The EC provisions governing the nomination and registration of candidates establish excessive hurdles for registering as a candidate and permit refusal of registration for trivial reasons, disproportional to the aim of the law, and thereby appear to run contrary to paragraph 24 of the 1990 Copenhagen Document. This is illustrated in the following examples. The EC establishes a two-stage procedure for checking the validity of candidate support signatures, and allows signatures to be invalidated for not being dated personally, or because one signature sheet contains voters from the same constituency who reside in different districts. The EC also gives election commissions the right to refuse registration on the basis of inaccuracies in nominees' income and property declarations. In many cases, minor errors in these declarations were used as the basis for not registering certain nominees. This in addition, challenges paragraph 2 of the 1990 Copenhagen Document, which states that the rule of law does not mean a formal legality.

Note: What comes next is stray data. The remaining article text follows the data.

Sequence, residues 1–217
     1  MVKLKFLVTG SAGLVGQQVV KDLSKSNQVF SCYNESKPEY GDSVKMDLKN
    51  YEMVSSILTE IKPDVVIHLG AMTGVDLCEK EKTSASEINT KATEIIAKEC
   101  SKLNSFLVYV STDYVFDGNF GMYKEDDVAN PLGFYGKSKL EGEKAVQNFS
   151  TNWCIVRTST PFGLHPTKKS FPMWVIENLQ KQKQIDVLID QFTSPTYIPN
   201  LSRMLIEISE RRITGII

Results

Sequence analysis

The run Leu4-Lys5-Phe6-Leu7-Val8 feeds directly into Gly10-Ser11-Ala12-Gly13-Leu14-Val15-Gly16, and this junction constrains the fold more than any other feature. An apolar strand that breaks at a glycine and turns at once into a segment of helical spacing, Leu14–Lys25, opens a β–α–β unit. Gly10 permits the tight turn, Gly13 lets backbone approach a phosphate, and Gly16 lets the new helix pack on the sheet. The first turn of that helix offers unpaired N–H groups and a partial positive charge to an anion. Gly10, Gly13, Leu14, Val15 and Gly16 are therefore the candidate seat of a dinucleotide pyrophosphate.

Both the Constitution and the EC continue to deny the right to vote to those in preventive custody, which runs contrary to the principle of the presumption of innocence. This also runs contrary to paragraph 5.19 of the 1990 Copenhagen Document. The EC also denies the right to stand as candidate to those who have a criminal conviction, irrespective of the gravity of the crime committed. It is questionable whether this is in line with Article 64 of the Constitution, which prohibits "any direct or indirect limitation of citizens' electoral rights" in excess of Constitutional limitations.